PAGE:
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Symbols of the Sea at the Basilica

On May 22, the Church celebrates the National Day of Prayer for Mariners and People of the Sea, honoring all who work or travel on the seas. As we observe this day of remembrance, we invite you to discover where you can find symbols of the sea in the National Shrine and encourage you to pray for the protection of seafarers and their families working around the world.

The Our Lady, Star of the Sea Rondel

As you walk into the Great Upper Church and raise your eyes to the east narthex, you’ll find an elegant relief sculpture of Mary calming the troubled sea with the North Star above her head, known as Our Lady, Star of the Sea, Ave Maris Stella. Under the title “Star of the Sea,” a name given to her by Saint Jerome, Mary is recognized as the patroness of all who sail the seas. The sculpture was designed by Louis DiCocco and St. Jude Liturgical Arts Studio and was the gift of the Apostleship of the Sea of the United States of America, a professional association of Catholic seafarers.

The Our Mother of Africa Chapel

Did you know that the center of a chapel is the known as the nave, a word derived from the Latin navis for “ship”? Located in the Crypt Church, the Our Mother of Africa Chapel brings this parallel to life, with numerous marine elements in the chapel evoking the tragedy of the slave trade across the seas.

Not only is the vaulted mahogany ceiling reminiscent of the hulls of sea-faring vessels, but the Botticino marble walls feature etchings of fish and water symbols.

The threshold of the chapel also features an inlay depicting the outline of the Henrietta Marie, a British merchant ship employed in the cruel commerce of the slave trade, with dozens of lines each representing an individual person who was aboard. During its voyages, the ship would hold as many as 300 captives who were either seized by the merchants or purchased from rival African tribes.

The chapel was a gift from the National Black Catholic Congress.

The Pope Pius X Chapel

In the Pope Pius X Chapel, the altar frontal features four carvings meant to represent different aspects of his life work with the Church. One such carving depicts a ship on a stormy sea with a dove at the stern, symbolizing the Holy Spirit guiding the Church in the struggle against Modernism.

Jesus Teaching By the Sea: Lower Sacristy Entrance

Gracing the walls of the entrance to the Lower Sacristy is a breathtaking work of stained glass depicting the story of Mark 4:1. Called Jesus Teaching by the Sea, it features Jesus standing in a boat as He teaches the faithful gathered on the shore. The glass was a gift of John R. Gallick of Philadelphia and was created by Arthur DeCarlo in 1996.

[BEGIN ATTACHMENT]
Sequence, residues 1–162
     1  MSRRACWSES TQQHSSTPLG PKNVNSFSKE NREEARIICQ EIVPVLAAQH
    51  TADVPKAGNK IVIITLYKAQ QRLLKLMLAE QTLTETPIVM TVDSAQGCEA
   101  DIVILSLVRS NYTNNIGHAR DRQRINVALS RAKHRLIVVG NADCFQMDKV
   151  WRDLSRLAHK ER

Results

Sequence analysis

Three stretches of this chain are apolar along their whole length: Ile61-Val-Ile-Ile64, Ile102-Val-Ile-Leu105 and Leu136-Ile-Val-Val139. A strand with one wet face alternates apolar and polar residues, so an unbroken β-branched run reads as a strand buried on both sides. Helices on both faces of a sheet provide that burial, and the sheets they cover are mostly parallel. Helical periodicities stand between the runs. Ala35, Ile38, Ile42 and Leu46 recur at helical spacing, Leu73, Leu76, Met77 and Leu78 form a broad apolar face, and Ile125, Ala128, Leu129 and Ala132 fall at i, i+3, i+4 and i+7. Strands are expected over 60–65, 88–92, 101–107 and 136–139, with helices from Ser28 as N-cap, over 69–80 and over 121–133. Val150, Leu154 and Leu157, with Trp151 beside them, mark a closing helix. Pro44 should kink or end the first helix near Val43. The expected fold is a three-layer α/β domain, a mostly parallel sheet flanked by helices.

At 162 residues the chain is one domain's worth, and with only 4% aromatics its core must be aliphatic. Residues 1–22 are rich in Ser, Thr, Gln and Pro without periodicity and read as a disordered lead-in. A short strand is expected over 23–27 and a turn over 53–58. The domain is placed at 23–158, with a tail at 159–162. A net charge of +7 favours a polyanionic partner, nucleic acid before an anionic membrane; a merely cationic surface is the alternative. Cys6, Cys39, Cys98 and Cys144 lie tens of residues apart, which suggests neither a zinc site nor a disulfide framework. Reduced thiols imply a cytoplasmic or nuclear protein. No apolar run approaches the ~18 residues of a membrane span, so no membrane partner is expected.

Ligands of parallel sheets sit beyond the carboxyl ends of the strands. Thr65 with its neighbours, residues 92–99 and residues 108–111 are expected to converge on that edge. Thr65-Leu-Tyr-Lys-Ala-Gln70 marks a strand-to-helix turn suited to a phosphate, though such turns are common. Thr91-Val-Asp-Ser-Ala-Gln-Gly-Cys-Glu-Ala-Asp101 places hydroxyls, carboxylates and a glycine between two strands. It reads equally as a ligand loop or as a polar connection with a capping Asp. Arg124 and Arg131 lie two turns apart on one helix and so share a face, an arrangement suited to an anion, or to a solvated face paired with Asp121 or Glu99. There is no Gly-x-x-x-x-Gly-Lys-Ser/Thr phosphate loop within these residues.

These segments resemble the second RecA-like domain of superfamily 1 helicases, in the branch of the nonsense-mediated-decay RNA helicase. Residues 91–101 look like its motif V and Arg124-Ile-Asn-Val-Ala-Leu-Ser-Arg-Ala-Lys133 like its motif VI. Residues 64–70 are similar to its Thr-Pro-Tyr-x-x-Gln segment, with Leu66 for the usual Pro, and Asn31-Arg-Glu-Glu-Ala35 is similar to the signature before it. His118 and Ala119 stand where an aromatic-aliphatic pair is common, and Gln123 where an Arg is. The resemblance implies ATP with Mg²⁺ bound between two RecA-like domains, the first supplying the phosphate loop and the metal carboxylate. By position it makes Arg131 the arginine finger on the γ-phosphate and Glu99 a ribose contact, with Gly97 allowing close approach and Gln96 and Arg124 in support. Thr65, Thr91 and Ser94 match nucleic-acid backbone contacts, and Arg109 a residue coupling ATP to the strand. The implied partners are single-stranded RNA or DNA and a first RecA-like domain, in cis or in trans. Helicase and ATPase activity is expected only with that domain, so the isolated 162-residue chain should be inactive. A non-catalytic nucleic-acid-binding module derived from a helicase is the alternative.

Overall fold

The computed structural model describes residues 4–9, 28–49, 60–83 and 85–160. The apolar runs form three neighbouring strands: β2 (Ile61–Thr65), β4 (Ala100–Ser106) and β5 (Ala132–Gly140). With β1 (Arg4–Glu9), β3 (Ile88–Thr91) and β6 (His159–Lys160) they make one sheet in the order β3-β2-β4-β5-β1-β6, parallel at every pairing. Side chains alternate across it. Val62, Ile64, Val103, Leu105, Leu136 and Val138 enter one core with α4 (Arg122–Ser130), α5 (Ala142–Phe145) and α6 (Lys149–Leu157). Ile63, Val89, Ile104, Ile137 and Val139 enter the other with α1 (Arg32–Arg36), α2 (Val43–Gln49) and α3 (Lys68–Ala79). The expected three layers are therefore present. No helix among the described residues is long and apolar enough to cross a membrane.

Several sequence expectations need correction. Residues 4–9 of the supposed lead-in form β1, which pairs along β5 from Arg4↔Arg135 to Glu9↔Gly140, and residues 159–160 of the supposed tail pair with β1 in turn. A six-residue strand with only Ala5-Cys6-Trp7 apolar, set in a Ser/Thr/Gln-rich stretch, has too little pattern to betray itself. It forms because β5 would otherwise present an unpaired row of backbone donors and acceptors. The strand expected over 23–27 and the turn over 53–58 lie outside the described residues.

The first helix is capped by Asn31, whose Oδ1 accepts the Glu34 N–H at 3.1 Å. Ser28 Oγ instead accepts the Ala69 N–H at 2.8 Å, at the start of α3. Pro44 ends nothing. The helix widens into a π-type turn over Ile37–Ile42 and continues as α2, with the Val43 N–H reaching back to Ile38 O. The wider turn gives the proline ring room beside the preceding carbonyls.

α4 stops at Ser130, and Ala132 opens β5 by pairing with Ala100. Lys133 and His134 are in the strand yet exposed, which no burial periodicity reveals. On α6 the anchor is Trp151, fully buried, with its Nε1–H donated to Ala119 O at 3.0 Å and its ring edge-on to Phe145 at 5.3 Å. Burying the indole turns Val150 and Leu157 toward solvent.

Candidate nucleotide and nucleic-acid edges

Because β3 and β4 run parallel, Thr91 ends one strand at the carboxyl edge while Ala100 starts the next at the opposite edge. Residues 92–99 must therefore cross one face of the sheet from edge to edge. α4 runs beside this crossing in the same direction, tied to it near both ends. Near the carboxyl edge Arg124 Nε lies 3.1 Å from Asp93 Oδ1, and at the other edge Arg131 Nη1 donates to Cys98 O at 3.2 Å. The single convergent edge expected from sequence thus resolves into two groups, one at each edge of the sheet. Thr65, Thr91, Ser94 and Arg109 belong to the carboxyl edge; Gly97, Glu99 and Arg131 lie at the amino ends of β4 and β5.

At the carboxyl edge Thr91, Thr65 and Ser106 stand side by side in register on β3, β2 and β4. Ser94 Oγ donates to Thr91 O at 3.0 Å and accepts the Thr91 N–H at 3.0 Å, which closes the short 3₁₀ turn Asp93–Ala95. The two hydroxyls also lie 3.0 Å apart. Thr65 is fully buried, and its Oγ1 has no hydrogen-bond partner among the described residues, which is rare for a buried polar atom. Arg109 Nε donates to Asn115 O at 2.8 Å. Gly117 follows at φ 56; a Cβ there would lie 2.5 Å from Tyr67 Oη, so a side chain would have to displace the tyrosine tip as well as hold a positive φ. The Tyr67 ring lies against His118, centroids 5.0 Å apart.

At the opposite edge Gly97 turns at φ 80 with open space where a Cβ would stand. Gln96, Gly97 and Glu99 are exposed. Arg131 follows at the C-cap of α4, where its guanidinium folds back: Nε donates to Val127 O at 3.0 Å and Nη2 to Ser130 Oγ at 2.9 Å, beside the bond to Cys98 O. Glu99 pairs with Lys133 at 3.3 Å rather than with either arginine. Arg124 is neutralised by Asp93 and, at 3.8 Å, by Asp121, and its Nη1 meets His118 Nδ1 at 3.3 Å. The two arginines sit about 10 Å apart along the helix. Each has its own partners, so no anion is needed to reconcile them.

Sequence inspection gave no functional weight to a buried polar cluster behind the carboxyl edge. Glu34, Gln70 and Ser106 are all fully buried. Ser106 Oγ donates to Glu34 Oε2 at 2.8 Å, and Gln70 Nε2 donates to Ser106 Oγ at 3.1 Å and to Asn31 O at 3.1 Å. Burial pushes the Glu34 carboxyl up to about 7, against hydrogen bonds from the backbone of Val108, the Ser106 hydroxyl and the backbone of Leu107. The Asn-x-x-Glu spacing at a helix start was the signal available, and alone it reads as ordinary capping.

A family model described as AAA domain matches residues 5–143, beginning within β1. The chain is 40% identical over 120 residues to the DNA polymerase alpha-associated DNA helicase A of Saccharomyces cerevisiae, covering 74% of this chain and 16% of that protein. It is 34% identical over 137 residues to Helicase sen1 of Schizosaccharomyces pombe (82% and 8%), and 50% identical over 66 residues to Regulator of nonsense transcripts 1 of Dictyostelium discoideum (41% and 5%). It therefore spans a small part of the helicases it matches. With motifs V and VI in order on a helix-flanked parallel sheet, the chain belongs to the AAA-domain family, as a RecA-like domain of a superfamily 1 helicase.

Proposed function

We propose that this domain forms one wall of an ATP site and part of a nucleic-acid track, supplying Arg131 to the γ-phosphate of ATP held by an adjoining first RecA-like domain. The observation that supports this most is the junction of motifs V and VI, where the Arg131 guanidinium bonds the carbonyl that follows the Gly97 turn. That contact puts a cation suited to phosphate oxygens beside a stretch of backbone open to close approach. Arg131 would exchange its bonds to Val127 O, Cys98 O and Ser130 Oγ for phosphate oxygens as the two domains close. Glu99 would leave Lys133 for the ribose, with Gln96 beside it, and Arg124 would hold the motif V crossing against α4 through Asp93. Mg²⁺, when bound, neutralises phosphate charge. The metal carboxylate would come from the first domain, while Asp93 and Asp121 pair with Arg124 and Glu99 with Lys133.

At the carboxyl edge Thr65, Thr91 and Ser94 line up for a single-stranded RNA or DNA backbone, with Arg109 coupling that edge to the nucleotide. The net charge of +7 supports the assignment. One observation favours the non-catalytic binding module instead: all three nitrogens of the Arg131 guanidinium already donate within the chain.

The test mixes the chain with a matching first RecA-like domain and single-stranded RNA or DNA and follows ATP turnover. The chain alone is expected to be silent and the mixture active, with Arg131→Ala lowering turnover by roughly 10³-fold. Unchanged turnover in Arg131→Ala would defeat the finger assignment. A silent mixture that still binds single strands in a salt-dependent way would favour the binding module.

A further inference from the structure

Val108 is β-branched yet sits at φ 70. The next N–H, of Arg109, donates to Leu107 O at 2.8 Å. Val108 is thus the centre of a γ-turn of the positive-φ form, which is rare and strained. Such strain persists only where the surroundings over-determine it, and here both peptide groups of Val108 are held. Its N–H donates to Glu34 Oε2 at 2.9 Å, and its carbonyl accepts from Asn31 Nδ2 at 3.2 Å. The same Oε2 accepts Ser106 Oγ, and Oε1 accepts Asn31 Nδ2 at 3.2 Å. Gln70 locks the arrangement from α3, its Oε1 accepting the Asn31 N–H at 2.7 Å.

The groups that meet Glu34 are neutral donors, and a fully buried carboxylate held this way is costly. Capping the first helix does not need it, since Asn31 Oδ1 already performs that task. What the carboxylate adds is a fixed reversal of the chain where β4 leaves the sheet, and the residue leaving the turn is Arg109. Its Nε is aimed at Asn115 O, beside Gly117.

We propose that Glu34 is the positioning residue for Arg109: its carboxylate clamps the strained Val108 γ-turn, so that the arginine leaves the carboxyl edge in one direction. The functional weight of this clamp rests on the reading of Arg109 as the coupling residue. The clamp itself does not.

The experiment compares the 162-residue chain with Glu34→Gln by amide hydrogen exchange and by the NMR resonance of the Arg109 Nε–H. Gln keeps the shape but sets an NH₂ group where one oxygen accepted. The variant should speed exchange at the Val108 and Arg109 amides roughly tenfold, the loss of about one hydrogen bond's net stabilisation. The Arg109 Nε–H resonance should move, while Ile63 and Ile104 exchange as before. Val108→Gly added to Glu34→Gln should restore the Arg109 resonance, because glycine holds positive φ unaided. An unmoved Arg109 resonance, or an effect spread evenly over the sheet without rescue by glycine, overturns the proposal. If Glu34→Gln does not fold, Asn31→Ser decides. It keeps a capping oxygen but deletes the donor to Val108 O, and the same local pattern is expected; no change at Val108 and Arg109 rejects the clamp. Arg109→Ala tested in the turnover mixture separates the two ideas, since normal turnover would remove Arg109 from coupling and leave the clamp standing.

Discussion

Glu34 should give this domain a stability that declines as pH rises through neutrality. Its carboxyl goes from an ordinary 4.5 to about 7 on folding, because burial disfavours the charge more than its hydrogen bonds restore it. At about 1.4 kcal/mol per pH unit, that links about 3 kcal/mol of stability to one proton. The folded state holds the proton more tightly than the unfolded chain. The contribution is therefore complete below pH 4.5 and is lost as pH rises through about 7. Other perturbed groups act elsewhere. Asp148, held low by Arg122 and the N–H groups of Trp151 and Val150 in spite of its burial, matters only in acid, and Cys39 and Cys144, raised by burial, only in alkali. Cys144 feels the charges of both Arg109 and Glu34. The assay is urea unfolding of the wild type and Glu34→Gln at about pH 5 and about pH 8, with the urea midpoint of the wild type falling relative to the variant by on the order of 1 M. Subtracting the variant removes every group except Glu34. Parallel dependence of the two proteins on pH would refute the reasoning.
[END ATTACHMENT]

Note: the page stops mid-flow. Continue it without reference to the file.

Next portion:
The Mary, Queen of All Hearts Chapel

Featuring various emblems of the Blessed Virgin as described in the writings of de Montfort, the Mary, Queen of All Hearts Chapel also includes depictions of two symbols of the sea: the anchor and rope and the Star of the Sea, reminding the faithful of Mary’s patronage of seafarers. They are portrayed in mosaic tiles on the chapel’s back wall along with eight other symbols. 

The Our Lady of Good Voyage Oratory

The Oratory of Our Lady of Peace and Good Voyage, Antipolo, is located at the northeast corner of the Crypt Church. A gift of the global Filipino Catholic Community, this Oratory honors a Marian devotion that dates back to the 1600s, at a time when galleon trade between the Philippines and Mexico was at its height.

On the left side of the oratory is a mural titled The Arrival. A gift of the master painter of the Philippine genre, Jose V. Blanco, it details the coming of the Our Lady of Peace and Good Voyage to Manila on a galleon. James Cardinal Hickey of Washington dedicated the oratory on June 7, 1997.


Rohling, Geraldine M., PhD, MAEd. The Basilica of the National Shrine of the Immaculate Conception: Guide and Tour BookWashington, D.C.: Basilica of the National Shrine of the Immaculate Conception, 2018.

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